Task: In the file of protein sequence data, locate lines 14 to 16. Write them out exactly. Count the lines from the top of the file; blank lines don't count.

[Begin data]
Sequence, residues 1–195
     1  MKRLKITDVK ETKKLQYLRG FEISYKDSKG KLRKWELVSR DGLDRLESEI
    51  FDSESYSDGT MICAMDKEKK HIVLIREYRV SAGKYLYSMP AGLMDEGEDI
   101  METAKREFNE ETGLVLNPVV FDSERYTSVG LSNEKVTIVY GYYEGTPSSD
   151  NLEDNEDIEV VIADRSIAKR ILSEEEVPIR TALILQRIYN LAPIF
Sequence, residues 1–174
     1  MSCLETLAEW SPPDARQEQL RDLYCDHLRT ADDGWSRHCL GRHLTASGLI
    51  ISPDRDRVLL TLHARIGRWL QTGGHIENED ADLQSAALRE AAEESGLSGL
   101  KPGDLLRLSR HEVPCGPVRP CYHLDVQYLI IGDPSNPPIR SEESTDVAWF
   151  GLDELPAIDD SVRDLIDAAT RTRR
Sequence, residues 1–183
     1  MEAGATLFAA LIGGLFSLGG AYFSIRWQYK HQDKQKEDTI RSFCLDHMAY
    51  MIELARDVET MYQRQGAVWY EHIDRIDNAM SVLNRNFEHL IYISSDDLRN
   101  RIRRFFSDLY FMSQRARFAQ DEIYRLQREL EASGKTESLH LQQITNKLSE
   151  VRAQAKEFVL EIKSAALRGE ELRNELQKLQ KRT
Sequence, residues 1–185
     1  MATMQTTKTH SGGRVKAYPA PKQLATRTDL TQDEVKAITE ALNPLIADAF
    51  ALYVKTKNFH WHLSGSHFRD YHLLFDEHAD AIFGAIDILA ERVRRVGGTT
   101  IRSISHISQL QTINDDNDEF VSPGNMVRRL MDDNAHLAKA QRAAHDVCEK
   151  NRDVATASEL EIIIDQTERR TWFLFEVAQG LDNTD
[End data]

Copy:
   101  RIRRFFSDLY FMSQRARFAQ DEIYRLQREL EASGKTESLH LQQITNKLSE
   151  VRAQAKEFVL EIKSAALRGE ELRNELQKLQ KRT
Sequence, residues 1–185